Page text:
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Public affairs key to biomass project success

By Anna Austin | May 31, 2010
Posted July 21, 2010, at 4:19 p.m. CST

Will your project be embraced by all if it's green? The answer depends, but is largely influenced by the lengths developers go to implement an aggressive and smart public affairs strategy, according to Brad Moore, senior consultant for Barr Engineering Co. in Minneapolis. "Public affairs are the key to a project's success," he told attendees of the Energy & Environmental Research Center's Biomass '10: Renewable Power, Fuels, and Chemicals Workshop held July 20-21 in Grand Forks, N.D.

The ability to understand, analyze and engage stakeholders can be just as important as good technical and engineering work, Moore said, defining stakeholders as anyone who is affected by, or thinks they maybe be affected by, a project. "Identify these stakeholders right away," added Mike Zipko, public relations strategist for St. Paul-based Goff & Howard. "Figure out who they are and how to strategically engage with them, and reach out in a way that matters."

Zipko said in the initial stages of development, before a project is introduced to the public, it's imperative to make sure factual information is readily available to the public. "In the absence of that information, people will put their own ideas in there-whether it is real or not real," he said. "What are the real risks and benefits of the project? Get that out right away facts that you can't miss on once. Where you don't have the facts and you're not certain, be honest, but be able to say that you will get the answer. When you have it, go back out to the community and tell them what you found. Speculation is something you don't want."

Next, a developer must contact stakeholders to figure out who may be for or against the project and why. "They already exist," Zipko said. "Your challenge is to figure out how to identify them, measure and quantify them, and incorporate them into the plan." Typically these stakeholders are trade associations, advocacy groups, media, business groups, competitors, vendors and more. "Understand who they all are and figure them into the equation," he added.

This includes finding out each person and group's perspective and figuring out their specific needs, Moore added. "Listen to where they're coming from and work with key messages; segregate each one," he said. "In terms of prioritizing, determine which ones will give you the best opportunity to move forward. You need to demonstrate you're listening. Incorporate that into the project and show the community, the press and others that this is what they said, this is how we're responding."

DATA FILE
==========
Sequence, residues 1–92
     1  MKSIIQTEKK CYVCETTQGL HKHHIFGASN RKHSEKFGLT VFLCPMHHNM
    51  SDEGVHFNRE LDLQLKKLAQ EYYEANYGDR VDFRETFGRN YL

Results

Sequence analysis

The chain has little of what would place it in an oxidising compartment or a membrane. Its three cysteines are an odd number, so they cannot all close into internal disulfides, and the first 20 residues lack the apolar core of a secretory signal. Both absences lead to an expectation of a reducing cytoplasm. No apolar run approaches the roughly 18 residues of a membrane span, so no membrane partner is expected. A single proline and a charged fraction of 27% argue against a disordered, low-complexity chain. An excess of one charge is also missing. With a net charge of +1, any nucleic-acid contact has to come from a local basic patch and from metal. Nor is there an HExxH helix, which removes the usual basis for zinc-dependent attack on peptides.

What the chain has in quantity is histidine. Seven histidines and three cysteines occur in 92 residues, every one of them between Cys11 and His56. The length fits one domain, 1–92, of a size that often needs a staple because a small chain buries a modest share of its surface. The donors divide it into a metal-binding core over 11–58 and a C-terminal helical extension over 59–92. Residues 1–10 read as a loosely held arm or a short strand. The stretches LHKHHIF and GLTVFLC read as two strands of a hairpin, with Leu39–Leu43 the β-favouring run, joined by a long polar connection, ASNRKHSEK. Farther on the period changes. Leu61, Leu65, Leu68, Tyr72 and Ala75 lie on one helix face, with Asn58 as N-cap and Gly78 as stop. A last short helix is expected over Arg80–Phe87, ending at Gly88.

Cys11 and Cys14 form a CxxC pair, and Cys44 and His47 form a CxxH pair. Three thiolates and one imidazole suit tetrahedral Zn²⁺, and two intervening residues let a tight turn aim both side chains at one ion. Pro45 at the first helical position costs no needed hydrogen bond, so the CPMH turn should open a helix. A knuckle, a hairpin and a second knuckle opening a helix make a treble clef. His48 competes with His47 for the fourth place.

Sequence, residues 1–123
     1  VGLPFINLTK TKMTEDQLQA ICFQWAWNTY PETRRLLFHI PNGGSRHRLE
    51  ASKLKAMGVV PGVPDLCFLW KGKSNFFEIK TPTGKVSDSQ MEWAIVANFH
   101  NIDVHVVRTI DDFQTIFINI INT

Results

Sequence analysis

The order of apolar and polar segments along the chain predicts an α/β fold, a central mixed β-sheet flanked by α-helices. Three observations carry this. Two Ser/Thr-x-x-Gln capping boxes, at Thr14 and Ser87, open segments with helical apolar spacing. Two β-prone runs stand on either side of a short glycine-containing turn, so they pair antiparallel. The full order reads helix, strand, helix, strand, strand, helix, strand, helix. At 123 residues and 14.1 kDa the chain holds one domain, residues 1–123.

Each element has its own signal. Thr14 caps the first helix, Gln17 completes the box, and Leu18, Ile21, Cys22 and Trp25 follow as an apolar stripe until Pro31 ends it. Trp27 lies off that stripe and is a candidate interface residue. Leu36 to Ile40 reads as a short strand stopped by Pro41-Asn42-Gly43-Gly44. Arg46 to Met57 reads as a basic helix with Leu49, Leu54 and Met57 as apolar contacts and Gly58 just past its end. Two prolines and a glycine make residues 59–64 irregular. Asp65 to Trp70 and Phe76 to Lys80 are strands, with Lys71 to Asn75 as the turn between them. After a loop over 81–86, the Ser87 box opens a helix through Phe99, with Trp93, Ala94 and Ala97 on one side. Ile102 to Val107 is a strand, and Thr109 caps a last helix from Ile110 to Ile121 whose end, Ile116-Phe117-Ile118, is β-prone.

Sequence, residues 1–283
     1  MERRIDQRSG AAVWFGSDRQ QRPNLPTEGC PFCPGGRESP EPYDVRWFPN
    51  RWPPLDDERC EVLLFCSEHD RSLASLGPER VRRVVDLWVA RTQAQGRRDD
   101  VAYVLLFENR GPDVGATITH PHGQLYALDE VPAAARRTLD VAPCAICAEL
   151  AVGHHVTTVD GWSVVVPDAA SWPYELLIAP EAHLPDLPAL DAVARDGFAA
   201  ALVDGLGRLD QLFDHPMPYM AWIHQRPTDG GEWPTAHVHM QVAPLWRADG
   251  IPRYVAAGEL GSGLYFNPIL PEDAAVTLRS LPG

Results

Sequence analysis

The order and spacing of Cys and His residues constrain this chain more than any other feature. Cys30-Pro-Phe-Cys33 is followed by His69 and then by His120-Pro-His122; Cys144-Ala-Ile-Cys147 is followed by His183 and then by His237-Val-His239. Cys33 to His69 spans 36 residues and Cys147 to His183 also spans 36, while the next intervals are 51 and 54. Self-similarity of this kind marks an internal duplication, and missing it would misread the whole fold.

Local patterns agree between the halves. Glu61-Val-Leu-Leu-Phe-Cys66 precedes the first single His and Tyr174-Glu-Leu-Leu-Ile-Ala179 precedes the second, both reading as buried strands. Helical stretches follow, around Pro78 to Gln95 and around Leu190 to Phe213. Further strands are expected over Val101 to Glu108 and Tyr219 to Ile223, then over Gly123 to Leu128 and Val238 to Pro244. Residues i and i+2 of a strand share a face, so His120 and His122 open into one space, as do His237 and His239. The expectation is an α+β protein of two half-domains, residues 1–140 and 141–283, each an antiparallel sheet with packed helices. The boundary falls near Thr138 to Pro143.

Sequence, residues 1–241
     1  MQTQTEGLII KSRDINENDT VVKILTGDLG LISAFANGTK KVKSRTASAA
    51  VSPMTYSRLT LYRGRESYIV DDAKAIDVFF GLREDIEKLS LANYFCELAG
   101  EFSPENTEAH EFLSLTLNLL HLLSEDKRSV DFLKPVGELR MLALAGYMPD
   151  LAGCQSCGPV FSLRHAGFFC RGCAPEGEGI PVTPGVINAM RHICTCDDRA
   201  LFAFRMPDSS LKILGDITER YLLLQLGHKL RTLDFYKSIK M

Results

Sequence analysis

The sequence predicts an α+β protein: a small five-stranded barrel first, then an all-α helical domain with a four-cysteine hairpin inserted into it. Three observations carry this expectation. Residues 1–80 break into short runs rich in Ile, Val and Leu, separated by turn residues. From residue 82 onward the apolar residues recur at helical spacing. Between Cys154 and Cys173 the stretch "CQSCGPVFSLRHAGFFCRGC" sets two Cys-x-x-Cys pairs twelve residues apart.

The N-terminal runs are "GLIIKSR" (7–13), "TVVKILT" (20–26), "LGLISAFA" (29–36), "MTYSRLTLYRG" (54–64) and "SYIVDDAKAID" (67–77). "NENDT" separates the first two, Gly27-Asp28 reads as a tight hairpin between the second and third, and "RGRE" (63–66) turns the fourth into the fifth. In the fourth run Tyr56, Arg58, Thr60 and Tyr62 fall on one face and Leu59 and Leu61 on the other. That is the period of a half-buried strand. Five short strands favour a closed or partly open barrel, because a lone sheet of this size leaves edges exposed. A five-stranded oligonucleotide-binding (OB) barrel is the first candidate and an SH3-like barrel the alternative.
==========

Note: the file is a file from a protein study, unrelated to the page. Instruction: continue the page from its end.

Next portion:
Holding public meetings to address concerns will help reduce any friction or tension in a community, Zipko added. "Projects involve change, change creates friction and tension, and if you don't create ways to relieve it, that energy could come out in a negative way.

Being consistent throughout the project is equally important, according to Moore. "Once you have a plan, there must be some discipline in how it's enacted-do what you say you will do," he added. "Establish timelines and meet your deadlines."

Moore reminded attendees to make sure permit applications are complete when submitting them. "One of the biggest beefs of regulators is that they often get applications in that are missing a whole section," he said. "Check in with those regulators often."

Moore and Zipko recommended forming a coalition of individuals or groups who are in favor of the project to garner maximum support. "It's very easy to be opposed to a project, so use the same kind of concept to your advantage," Moore said. "Find out who benefits whether it's through lower prices, jobs, revenue for the city, and share that information with them; help them understand that they need to get involved and help make this thing happen.

Coalitions really become an asset in events that require public comment periods, Moore said. "If you don't organize a group for it, the people who organize against it have an advantage, and it may be just for the reason that they don't want change."

Finally, learning who has jurisdiction over a project site early can benefit a project. "Whether it's the state, county, federal agency or tribal government, get in contact with them as soon as possible," Zipko said. "If you have a project they might need to make a decision on, identify their concerns and figure out a method of frequent communication. Develop good relationships with regulatory and elected officials since they are very influential on what happens to your project. You can't always guarantee what's going to happen, but by not engaging [early on], you stack the results against you. Plan for the worst, but hope for the best."
 

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